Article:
The will of an 89-year-old woman who left £10m to an Essex restaurateur has been described as "extraordinary" and "troubling" by a High Court judge.
Mr Man and his wife were left most of Mrs Bechal's fortune
Before retiring to make a decision after the hearing, brought by Golda Bechal's nieces and nephews, Sir Donald Rattee said the will was "unexpected".
Mrs Bechal left most of her estate to Kim Sing Man and wife Bee Lian Man with charities the other key beneficiaries.
Sir Donald is due to announce a verdict on Friday.
Sandra Blackman, Barbara Green, Laurence Lebor, Louise Barnard and Mervyn Lebor have challenged their aunt's will, claiming she was so mentally frail the documents are invalid and they would be entitled to her estate under intestacy laws.
Mrs Bechal, who lived in Grosvenor Square, London, died in 2004 - 10 years after she made the contested will.
During the hearing, the court had heard how Mr and Mrs Man, who live in Great Leighs, Chelmsford, and run a Chinese restaurant in Witham, handled Mrs Bechal's finances after she dispensed with her accountant's services that year.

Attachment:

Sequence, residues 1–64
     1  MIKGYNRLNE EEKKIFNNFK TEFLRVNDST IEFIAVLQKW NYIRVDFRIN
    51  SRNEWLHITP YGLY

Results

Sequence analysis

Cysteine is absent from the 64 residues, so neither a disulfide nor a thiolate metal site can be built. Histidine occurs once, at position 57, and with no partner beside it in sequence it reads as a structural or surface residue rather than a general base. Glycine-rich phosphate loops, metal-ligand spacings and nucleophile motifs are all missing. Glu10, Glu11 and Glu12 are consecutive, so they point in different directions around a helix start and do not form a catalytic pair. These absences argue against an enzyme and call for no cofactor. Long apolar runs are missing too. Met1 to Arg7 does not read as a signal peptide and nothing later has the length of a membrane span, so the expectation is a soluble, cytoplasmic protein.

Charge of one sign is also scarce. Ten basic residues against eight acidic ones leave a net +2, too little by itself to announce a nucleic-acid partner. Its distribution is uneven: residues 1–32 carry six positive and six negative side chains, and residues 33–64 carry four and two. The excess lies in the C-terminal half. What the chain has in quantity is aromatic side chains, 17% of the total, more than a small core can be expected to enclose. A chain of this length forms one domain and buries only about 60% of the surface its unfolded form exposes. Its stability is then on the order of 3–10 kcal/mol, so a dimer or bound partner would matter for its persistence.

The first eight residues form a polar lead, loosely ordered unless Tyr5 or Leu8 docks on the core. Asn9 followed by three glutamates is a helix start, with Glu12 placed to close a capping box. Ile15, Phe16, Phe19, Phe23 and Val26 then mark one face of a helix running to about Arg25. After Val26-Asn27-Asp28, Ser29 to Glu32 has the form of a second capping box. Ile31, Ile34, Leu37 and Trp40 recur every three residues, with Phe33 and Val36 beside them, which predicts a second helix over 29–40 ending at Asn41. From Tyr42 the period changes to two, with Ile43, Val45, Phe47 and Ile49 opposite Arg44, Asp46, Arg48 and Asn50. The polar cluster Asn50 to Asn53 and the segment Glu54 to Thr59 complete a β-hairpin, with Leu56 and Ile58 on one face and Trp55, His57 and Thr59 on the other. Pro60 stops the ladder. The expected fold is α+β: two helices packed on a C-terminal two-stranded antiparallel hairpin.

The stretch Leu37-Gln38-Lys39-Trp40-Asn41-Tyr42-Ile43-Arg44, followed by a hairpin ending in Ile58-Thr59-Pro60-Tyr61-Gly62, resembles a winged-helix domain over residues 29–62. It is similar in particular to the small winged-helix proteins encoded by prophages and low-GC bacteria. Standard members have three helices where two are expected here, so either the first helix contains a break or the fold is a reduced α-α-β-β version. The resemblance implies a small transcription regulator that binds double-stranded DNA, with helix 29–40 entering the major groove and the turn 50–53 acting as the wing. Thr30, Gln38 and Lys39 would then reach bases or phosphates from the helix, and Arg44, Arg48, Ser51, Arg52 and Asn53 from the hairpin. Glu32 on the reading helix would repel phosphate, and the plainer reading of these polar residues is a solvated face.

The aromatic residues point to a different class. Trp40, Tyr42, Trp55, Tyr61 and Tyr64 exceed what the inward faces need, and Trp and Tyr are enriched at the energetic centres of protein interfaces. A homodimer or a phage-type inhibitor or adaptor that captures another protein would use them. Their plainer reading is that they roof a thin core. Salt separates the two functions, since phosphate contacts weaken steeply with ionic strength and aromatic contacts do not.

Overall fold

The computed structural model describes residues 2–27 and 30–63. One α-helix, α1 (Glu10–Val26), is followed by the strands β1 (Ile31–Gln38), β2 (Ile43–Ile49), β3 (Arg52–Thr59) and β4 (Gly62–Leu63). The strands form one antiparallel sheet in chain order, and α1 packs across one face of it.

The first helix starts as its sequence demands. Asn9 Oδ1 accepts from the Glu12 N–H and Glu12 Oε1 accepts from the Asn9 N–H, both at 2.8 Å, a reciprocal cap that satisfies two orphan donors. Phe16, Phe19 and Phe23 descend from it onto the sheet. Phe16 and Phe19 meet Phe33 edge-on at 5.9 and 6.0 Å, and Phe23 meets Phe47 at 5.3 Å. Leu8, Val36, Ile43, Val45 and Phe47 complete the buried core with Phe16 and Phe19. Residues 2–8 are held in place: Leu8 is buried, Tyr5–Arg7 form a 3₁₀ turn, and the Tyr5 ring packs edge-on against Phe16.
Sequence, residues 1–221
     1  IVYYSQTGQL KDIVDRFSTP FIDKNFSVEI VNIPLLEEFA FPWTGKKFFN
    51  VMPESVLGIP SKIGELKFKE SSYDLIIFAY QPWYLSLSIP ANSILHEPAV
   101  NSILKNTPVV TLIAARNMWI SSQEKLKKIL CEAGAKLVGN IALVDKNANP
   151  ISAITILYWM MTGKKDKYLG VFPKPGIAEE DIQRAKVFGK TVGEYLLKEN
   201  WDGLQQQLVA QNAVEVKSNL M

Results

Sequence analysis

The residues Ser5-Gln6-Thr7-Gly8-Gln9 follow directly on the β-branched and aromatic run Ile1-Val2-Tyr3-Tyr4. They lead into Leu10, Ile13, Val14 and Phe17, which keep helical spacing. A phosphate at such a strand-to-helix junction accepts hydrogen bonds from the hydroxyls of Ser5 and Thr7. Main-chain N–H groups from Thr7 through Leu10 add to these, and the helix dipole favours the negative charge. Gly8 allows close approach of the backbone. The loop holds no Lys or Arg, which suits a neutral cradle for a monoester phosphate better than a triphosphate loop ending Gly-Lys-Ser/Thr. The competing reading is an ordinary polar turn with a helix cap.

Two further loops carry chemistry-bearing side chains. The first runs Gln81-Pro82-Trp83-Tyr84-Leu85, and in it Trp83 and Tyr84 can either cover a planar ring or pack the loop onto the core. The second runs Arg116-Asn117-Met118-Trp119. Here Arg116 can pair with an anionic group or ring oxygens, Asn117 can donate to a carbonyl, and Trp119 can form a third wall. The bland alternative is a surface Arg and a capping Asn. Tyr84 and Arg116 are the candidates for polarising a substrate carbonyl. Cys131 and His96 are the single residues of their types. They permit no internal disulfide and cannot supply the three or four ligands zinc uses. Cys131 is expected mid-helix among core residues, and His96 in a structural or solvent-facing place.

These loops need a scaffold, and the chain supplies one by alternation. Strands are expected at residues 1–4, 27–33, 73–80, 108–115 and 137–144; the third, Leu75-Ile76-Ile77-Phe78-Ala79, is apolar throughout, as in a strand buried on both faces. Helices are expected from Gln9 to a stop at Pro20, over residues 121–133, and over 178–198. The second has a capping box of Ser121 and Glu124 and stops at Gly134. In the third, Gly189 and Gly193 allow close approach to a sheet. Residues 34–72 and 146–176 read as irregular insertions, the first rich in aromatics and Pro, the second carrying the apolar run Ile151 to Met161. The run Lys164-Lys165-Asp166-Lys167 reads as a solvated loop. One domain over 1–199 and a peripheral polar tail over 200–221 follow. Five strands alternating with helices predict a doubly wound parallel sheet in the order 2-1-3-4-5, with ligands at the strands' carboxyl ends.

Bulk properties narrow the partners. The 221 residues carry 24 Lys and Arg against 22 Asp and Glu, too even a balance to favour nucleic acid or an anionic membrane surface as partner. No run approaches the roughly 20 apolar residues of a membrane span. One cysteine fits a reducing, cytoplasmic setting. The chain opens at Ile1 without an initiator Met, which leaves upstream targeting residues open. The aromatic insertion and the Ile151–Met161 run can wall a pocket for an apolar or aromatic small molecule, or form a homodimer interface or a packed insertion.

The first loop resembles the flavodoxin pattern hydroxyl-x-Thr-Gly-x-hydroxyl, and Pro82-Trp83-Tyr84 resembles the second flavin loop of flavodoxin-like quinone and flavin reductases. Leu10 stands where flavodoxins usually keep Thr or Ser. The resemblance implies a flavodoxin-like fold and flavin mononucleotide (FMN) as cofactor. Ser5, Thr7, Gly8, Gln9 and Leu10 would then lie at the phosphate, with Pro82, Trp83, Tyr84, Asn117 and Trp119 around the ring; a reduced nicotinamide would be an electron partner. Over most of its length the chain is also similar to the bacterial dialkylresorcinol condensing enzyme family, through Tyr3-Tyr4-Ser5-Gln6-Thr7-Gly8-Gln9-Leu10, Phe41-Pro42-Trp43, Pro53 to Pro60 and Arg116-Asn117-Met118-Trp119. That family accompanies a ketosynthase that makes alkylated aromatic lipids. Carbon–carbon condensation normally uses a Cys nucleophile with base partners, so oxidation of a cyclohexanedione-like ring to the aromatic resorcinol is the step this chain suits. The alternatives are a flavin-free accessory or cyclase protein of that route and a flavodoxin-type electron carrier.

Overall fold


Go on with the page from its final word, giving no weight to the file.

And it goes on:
Mrs Bechal, who had a portfolio of properties across the South East, was the Mans' landlady.
Mrs Bechal's relatives say she was suffering from dementia
Penelope Reed, representing the Mans, said Mrs Bechal was of sound mind when she made the will and said the Mans had been frank about their "involvement" with Mrs Bechal who was "like a grandmother" to their family.
Sir Donald said it was strange that the 1994 will differed so much from a will, which has not been found, dated 1988, in which Mrs Bechal had left about 75% of her assets to charities.
"I can't help thinking that the 1994 will was an extraordinary will to have been made by a lady in her position, giving over £10m to Mr and Mrs Man, however much she had got to love them and treat them as part of her family," Sir Donald said.
"If she really knew what she was worth, is it really conceivable she would have made a will in those terms?"